Slimbridge farmer counts the cost of fly-tipping on land

Tenant farmer, Dan Moss (left) and Cllr Haydn Jones with the huge amount of rubbish that has been dumped on fields near Wisloe Stables, Cambridge, near Slimbridge

Tenant farmer, Dan Moss (left) and Cllr Haydn Jones with the huge amount of rubbish that has been dumped on fields near Wisloe Stables, Cambridge, near Slimbridge

First published in News by

A SLIMBRIDGE farmer is counting the cost after vandals dumped mounds of rubbish on his land.

Fly-tippers backed a vehicle down a public lane and left countless bags of waste in a field bordering the M5.

Dan Moss, 26, was alerted to the unwelcome gift by a neighbour on Saturday, December 15.

"Normally we get a little bit on the lane," he said. "But this is fly-tipping on a commercial scale.

"The amount of stuff that is dumped is horrendous."

The heap of mixed waste contains large amounts of plastics and paperwork, along with chunks of tarmac, barbed wire and a spade.

There are various postal failed delivery notices and paperwork suggesting the waste originated in Bristol.

In order to dump the load a vehicle would have had to drive along Wisloe Road, before travelling up a long muddy lane and backing onto Mr Moss’ land.

Mr Moss and his family are tenant farmers on around 120 acres of land.

They are now facing the grim prospect of paying to dispose of the waste legally, as it cannot be burned and the council says it is not responsible for clearing fly-tips off private land.

The rubbish is just a few feet away from a public path, where it is Stroud District Council’s responsibility to remove waste.

Cllr Haydn Jones, Stroud District Councillor for the Severn ward, said the fly-tippers were "parasites".

"People dropping rubbish is bad enough," he said. "But imagine having to clear this up."

Mr Moss added: "I have no idea what I’m going to do with it. I just want to make the public aware. People dump household waste on the lane all the time."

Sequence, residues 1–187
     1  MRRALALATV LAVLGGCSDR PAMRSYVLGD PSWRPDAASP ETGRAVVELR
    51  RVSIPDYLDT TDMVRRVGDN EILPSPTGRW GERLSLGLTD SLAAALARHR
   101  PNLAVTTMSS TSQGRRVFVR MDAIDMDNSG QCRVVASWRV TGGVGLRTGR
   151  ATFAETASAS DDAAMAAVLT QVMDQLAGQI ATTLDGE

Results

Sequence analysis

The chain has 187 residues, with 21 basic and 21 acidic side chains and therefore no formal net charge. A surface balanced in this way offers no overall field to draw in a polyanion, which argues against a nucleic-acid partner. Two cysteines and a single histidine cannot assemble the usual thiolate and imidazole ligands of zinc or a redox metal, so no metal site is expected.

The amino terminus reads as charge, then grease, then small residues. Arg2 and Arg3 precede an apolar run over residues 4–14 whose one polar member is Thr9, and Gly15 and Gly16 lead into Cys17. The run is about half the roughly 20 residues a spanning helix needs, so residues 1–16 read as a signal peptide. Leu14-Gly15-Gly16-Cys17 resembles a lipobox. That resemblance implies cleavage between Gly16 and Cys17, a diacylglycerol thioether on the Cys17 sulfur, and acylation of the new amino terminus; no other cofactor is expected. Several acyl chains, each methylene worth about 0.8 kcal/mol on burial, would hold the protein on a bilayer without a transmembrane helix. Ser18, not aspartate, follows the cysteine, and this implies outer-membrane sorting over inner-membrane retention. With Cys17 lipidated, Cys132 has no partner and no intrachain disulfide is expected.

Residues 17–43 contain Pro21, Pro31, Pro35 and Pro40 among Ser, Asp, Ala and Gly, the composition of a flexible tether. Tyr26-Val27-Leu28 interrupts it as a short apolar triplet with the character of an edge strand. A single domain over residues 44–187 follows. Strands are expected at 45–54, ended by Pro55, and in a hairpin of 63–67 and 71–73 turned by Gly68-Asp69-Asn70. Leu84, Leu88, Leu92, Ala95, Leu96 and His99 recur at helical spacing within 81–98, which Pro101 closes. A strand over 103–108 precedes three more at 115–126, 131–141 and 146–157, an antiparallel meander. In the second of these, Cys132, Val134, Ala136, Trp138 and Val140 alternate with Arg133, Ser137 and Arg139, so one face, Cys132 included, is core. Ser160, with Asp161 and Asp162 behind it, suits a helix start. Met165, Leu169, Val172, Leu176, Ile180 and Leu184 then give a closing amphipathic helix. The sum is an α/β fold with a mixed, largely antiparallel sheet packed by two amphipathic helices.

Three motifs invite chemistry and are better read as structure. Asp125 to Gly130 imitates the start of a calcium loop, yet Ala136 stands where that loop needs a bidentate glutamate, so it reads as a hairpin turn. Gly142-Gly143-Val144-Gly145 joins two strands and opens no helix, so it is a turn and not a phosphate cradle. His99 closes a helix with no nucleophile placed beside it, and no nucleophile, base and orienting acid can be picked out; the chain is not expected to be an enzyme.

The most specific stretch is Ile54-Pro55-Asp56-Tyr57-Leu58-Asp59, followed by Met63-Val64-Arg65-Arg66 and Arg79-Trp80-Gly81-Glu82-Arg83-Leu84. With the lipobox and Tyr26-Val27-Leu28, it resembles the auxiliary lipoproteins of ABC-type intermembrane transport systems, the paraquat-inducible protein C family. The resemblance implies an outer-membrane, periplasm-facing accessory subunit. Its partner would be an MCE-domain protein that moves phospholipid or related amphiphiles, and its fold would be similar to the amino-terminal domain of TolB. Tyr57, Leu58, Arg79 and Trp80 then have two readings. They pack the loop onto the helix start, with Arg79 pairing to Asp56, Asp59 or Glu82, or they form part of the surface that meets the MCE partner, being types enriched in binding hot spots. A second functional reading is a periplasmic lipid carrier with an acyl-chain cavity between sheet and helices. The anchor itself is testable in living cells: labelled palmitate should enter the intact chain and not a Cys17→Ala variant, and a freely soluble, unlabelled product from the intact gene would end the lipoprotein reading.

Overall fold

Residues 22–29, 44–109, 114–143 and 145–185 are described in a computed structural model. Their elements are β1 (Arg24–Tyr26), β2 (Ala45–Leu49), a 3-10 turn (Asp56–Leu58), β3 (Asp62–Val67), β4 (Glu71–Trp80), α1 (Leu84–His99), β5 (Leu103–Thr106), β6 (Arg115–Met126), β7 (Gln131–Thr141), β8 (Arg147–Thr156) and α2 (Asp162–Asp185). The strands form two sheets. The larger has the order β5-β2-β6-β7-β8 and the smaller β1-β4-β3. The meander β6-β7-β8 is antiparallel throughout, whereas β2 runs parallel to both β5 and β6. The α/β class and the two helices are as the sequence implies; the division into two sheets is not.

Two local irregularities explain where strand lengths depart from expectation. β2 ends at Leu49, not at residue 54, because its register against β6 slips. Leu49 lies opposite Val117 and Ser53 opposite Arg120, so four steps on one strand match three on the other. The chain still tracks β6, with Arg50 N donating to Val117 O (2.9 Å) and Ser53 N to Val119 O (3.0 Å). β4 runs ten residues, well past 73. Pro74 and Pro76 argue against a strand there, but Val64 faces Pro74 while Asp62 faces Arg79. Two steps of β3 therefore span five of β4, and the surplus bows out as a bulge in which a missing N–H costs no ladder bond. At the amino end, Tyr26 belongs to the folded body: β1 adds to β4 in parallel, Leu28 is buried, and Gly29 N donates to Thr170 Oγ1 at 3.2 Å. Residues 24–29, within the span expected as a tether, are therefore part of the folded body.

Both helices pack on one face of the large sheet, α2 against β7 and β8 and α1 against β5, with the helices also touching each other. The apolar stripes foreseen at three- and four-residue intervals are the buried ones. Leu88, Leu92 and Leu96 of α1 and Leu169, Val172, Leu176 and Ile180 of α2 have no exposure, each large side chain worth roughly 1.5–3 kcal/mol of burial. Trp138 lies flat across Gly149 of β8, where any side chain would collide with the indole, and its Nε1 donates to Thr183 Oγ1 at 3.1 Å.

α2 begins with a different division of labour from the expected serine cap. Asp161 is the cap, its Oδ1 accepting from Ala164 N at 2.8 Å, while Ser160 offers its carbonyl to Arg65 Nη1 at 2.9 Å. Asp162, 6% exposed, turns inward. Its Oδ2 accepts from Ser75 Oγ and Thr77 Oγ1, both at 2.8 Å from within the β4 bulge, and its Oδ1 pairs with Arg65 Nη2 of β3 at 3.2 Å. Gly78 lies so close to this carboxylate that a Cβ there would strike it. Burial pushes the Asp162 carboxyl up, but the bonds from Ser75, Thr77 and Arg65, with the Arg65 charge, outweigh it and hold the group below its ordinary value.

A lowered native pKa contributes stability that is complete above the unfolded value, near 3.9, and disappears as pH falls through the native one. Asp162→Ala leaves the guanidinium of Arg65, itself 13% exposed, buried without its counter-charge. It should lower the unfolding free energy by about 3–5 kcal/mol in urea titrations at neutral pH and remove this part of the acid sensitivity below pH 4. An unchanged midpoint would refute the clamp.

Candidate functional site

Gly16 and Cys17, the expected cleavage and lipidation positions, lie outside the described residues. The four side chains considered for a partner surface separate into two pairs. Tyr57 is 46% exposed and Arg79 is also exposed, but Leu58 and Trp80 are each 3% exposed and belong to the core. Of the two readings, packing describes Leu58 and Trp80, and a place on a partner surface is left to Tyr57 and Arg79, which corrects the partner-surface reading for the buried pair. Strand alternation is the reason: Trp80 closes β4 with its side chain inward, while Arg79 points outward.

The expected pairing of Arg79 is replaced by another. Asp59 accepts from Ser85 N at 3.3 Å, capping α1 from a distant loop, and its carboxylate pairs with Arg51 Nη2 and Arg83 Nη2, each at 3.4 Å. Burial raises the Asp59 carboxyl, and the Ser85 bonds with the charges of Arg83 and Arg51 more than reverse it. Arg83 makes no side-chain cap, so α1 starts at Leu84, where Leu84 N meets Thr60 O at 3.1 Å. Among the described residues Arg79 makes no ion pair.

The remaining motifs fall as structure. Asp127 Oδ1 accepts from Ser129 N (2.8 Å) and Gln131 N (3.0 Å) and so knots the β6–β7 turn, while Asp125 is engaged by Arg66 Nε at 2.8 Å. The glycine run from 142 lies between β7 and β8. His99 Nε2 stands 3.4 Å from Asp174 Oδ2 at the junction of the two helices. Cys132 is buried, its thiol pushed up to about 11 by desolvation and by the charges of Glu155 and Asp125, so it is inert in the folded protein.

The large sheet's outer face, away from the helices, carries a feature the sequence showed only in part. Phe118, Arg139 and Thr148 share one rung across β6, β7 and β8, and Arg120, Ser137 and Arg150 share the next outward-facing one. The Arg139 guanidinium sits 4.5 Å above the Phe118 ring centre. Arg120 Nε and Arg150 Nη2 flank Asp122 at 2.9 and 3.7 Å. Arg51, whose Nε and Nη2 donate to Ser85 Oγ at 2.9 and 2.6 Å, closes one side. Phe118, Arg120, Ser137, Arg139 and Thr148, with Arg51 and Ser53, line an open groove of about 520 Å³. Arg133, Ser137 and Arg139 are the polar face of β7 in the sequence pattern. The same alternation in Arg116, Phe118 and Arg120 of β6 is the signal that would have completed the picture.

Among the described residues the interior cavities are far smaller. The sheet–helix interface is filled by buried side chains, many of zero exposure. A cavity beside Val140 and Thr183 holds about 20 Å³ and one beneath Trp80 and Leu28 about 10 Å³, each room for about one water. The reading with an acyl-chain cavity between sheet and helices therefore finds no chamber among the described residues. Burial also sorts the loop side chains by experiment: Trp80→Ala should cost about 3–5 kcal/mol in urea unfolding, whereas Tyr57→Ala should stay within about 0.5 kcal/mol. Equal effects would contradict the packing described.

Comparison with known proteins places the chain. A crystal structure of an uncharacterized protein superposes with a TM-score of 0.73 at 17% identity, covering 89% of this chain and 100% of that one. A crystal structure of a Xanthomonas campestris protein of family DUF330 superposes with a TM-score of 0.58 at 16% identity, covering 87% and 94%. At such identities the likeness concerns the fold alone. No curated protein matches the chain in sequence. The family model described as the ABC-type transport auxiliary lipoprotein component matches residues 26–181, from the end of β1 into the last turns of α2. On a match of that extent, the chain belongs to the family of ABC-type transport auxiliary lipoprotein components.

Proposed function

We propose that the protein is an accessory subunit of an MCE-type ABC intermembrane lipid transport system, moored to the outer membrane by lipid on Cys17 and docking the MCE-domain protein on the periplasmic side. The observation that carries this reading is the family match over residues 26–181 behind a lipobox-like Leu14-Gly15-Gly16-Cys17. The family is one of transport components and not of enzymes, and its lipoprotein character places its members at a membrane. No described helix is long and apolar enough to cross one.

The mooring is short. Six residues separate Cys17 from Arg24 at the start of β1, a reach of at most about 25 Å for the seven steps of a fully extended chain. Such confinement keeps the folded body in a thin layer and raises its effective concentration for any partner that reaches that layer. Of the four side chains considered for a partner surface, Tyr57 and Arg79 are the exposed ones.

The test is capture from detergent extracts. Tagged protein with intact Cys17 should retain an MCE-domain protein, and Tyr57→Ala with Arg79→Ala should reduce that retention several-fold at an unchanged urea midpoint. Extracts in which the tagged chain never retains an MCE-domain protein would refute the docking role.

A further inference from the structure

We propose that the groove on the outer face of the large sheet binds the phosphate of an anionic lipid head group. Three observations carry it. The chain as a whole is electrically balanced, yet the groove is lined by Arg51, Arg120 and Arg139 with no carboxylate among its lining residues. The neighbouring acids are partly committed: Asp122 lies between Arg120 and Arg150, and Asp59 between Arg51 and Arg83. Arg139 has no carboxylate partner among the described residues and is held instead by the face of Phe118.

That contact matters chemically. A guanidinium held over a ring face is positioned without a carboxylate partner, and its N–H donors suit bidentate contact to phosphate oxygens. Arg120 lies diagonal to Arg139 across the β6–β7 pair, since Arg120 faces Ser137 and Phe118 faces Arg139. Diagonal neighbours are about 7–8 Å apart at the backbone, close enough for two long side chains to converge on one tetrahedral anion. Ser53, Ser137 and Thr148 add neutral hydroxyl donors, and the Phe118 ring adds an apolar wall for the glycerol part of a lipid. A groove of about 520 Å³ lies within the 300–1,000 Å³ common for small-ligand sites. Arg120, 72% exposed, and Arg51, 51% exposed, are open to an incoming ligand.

It comes as the NFU said new government figures showing a decline in fly-tipping incidents were "misleading" as they did not include cases on privately owned land.

The official fly-tipping statistics for England show a nine per cent decrease in the number of incidents on public land between 2010/11 and 2011/12. However, NFU research on fly-tipping on private property shows a 64 per cent increase over the same period.

NFU environment adviser Dr Nicola Dunn said: "It is extremely disappointing that fly-tipping on private land remains a significant problem for farmers. Until the Government acknowledges that action is needed to deal with the problem on all land, we don’t believe the problem will be effectively resolved.

"Farmers are frustrated when they, the victims of a crime, are left to clear up dumped waste and pay the local authority to dispose of it. That’s just not right."

Public Space Service Manager for Stroud District Council, Carlos Novoth, said the public needed to play an active role in helping to catch offenders.

"We are always looking out for evidence to try to bring these people to account," he said.

"We cannot fight these crimes on our own. We need the public to come to us and help clamp down on this crime.

"Somebody must have seen something, it would be great to receive information that we can follow up on."

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